• A good night’s sleep: This is unfortunately getting more and more important the older I get! (Should I admit to 9:30pm last week?)
  • A strong speaking voice. I have a naturally light and breathy tone. I’m told it’s a south-eastern English, introvert thing. I also teach a lot of young children and have an excitable puppy. Both naturally respond better to a higher larynx position with less vocal fold closure. By the end of the day I sometimes find my voice has got “stuck” up where it’s an effort to be and is tired from so much air flow. If I worked with adults in a more serious environment, I’m sure that my voice would settle lower and have better closure. Being aware of this and readjusting regularly has really helped sustain my voice throughout a busy teaching day.
  • Go for a massage: I get a lot of tension along my trapezius from violin playing (www.kentviolinist.co.uk) and bad posture habits. A trip to the osteopath frees me up and helps me reconnect.

Psychological and emotional strength

The larynx sits within and is surrounded by a crazy amount of muscles. The tongue is the strongest muscle in the body and the root of it is attached to the top of the larynx via the hyoid bone. Muscular tension through stress is ultimately going to affect your voice, not to mention stage fright and general attitude towards the voice and your ability.

  • Take time out before you practise and perform to give yourself some space. Whether it be mindfulness meditation techniques or just a quick cuppa and a pause, this can work wonders.
  • Be kind to yourself: celebrate your achievements and correct your mistakes.
  • Jot down positive feedback from people and review it when you’re having a wobble.
  • I thoroughly recommend Effortless Mastery by Kenny Werner. Alter your attitude to singing, music and yourself and rid yourself of anxiety. (It’s a process not a quick fix!)

Disciplined practice

As a professional or performing musician, it’s easy to get caught up in practising for the next gig. Gone are the days you want to or have time to perfect a certain technique, note, tone or piece. This is completely natural. It doesn’t mean that you can’t still structure your practice the way you know you should. Learning to practise in a methodical way came to me later than I would have liked. Unlike other instruments, because you can’t see what went wrong, it’s very easy to brush over substandard singing and hope it will be better next time. Don’t waste your practice!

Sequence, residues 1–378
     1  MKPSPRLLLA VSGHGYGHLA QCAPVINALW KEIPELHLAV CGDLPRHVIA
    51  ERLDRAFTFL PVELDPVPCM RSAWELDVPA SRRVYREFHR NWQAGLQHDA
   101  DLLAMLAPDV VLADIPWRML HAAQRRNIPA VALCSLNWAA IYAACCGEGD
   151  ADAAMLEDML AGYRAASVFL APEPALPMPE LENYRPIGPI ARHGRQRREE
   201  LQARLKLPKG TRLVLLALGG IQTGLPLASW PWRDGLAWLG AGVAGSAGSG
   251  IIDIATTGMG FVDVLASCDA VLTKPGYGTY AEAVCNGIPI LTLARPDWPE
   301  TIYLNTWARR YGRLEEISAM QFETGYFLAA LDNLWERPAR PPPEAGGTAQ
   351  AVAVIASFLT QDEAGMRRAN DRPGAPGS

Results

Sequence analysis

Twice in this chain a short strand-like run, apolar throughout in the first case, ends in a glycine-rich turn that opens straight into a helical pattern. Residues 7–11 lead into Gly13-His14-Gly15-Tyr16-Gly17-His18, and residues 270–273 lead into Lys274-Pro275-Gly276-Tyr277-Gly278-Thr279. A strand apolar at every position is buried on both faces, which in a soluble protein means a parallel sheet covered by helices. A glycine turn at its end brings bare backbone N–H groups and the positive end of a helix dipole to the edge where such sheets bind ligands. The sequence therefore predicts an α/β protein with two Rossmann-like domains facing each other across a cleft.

• Always get your breathing sorted before you begin. Connect and get the air flowing.
  • Warm up well and incorporate a technique linked to the song you will be working on.
  • Practise songs without the words. For classical singing especially, use a fricative v, z or f to sing the melody on.
  • Record yourself, listen back and make notes.
  • Approach improvements methodically.
  • Set yourself goals and celebrate achieving them! Look for inspiration and push yourself. In the last year, I’ve forced myself to learn more song from memory. Don’t settle for what you can do but what you want to be able to do!
  • Review your technique with a singing teacher or review your own professional development with a booster course.

After all this, I’d better stop procrastinating and put some of the above into action. Hope this helps any singers out there!

Keep singing and I’d love to hear from you: How do you keep your voice healthy?